from the emotions which lead to the union of hearts, and,
as in the history of all neighborhoods, there was of course
a first wedding. In 1788, then, on the same day, Elias
Dewey wedded Anna Foot, and Andrew Blanohard was
made happy in the possession, as his wife, of Mary Cook.
Elias Dewey built his house on the land where now stand.s
the residence of Judge Williams. A public wedding was
also celebrated the same year, — that of Roger Leverett and
Miss Elizabeth Cheesebrough. The ceremony was per-
formed in a log house which stood upon a knoll on the
roijd to Utica, east of Slocum's bridge. Jason Parker,
of Utica, afterwards widely known as a stage proprietor
and mail contractor, was one of the invited guests. On
the 25th of November, 1790, William Stebbins and Lydia
Branch were marrieS-Jjy the Indian minister. Rev. Samson

The first white child born in the town of Kirkland was
Clinton Foot, who died before reaching manhood ; the sec-
ond was Fanny Kellogg, daughter of Captain Amos Kel-
logg, and afterwards the wife of Orrin Gridley ; the third,
Julius Pond, Esq., born July 26, 1789 ; and the fourth,
James D. Stebbins, born Sept. 11, 1789.

Among the settlers who arrived in 1789 was Jesse Cur-
tiss, who, it is said, " brought on hid back fiom the log huts
in Utica a sklpple (three pecks) of seed wheat." In the
fall of the same year he built the third frame house in
town, the first having been erected by Colonel Timothy
Tuttle, and the second by Ebenezer Butler, Jr. All were
put up in this year, 1789. The circumstances of the build-
ing of Mr. Curtiss' house are thus described by Judge Wil-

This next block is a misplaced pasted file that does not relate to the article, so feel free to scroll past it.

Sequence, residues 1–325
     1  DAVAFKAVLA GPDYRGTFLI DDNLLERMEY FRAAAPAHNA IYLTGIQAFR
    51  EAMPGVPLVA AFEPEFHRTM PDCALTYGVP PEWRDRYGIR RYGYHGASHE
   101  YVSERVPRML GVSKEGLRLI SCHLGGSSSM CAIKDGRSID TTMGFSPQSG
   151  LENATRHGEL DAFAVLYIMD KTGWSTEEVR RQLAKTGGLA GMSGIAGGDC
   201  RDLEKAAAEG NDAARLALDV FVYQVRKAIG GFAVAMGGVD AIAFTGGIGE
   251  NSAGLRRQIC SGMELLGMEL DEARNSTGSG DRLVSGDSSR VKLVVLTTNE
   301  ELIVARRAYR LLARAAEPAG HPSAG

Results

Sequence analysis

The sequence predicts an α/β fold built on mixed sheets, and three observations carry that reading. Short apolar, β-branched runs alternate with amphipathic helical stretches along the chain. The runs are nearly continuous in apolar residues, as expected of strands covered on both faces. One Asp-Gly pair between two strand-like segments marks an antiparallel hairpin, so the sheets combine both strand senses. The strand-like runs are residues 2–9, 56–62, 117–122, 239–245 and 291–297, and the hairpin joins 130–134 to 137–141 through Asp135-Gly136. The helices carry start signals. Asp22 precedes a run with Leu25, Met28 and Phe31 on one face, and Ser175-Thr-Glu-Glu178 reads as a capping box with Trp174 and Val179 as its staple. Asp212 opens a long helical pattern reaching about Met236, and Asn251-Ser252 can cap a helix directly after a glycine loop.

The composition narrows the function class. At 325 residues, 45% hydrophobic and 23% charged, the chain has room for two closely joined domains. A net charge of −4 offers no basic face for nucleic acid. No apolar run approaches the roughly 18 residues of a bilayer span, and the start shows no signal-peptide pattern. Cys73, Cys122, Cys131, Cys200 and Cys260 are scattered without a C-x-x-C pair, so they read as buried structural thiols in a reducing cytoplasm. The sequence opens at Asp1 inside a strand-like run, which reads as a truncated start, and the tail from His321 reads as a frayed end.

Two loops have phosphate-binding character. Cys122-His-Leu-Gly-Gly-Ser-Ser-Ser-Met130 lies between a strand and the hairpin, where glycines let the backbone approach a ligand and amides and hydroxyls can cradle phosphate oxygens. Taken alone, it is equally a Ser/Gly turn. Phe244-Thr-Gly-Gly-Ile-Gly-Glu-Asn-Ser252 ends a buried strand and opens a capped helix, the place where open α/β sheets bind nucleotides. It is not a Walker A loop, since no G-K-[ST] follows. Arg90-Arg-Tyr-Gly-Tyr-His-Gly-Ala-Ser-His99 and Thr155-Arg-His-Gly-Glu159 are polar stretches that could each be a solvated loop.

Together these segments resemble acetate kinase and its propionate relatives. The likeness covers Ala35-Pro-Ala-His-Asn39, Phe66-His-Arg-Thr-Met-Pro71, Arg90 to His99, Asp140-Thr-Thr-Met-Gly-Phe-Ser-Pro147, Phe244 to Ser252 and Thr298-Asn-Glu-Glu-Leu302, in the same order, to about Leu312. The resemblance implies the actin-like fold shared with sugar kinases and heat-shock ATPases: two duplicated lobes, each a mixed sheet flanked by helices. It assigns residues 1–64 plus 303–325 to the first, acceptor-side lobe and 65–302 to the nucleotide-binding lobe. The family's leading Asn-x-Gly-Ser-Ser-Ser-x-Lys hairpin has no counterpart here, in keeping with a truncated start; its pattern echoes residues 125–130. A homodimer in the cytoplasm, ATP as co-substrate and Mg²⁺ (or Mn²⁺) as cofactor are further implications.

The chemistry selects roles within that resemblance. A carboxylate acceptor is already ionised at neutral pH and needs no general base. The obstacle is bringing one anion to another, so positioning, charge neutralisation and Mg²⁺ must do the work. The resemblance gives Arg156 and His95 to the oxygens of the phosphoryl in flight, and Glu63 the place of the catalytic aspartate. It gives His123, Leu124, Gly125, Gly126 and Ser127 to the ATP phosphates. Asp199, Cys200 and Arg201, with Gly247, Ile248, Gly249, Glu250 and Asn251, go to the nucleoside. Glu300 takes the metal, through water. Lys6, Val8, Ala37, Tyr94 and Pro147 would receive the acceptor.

liams, and illustrate the remarkable perseverance of the
dwellers in the wilderness :

"About the 20th day of October, 17S9, the snow fell to the depth
of nearly two feet, upon a bed of mud not much less j the weather
became cold and inclement, and most forbidding to the wayfarer and
laborer. Precisely at this time, n, settler, zealous to- build a frame
house before the winter should set in with its full severity, went to
Captain Cassety's saw-mill, and for three days and two nights, alone,
and without rest or intermission, continued to saw the lumber neces-
sary for the building. 'When the task was ended his hands wore
glazed as if by fire, from using so constantly the cold iron bars of
the saw-mill; he felt himself well repaid, however, for all his toil
and fatigue, for in a few days he reared a frame dwelling sixteen
feet square. That dwelling is now (1S4S) the kitchen of Mr.
Horatio Curtiss, and that diligent settler was .Jesse Curlis?, already

This building at last descended to the uses of a shed in
the rear of the barn owned by Mr. Curtiss' youngest son,
and in 1874: was yet standing.

Frame barns were also erected in 1789, — one by Judah
Stebbins, on the farm now owned by John Elliott, and a
second on the Kellogg property east of the village.

The first horse brought into town is said to have been
owned by Captain Moses Foot, and was soon stolen by the
Indians. William Carpenter and Nathan Marsh, who came
in 1789, each owned a " noble steed," whose speed and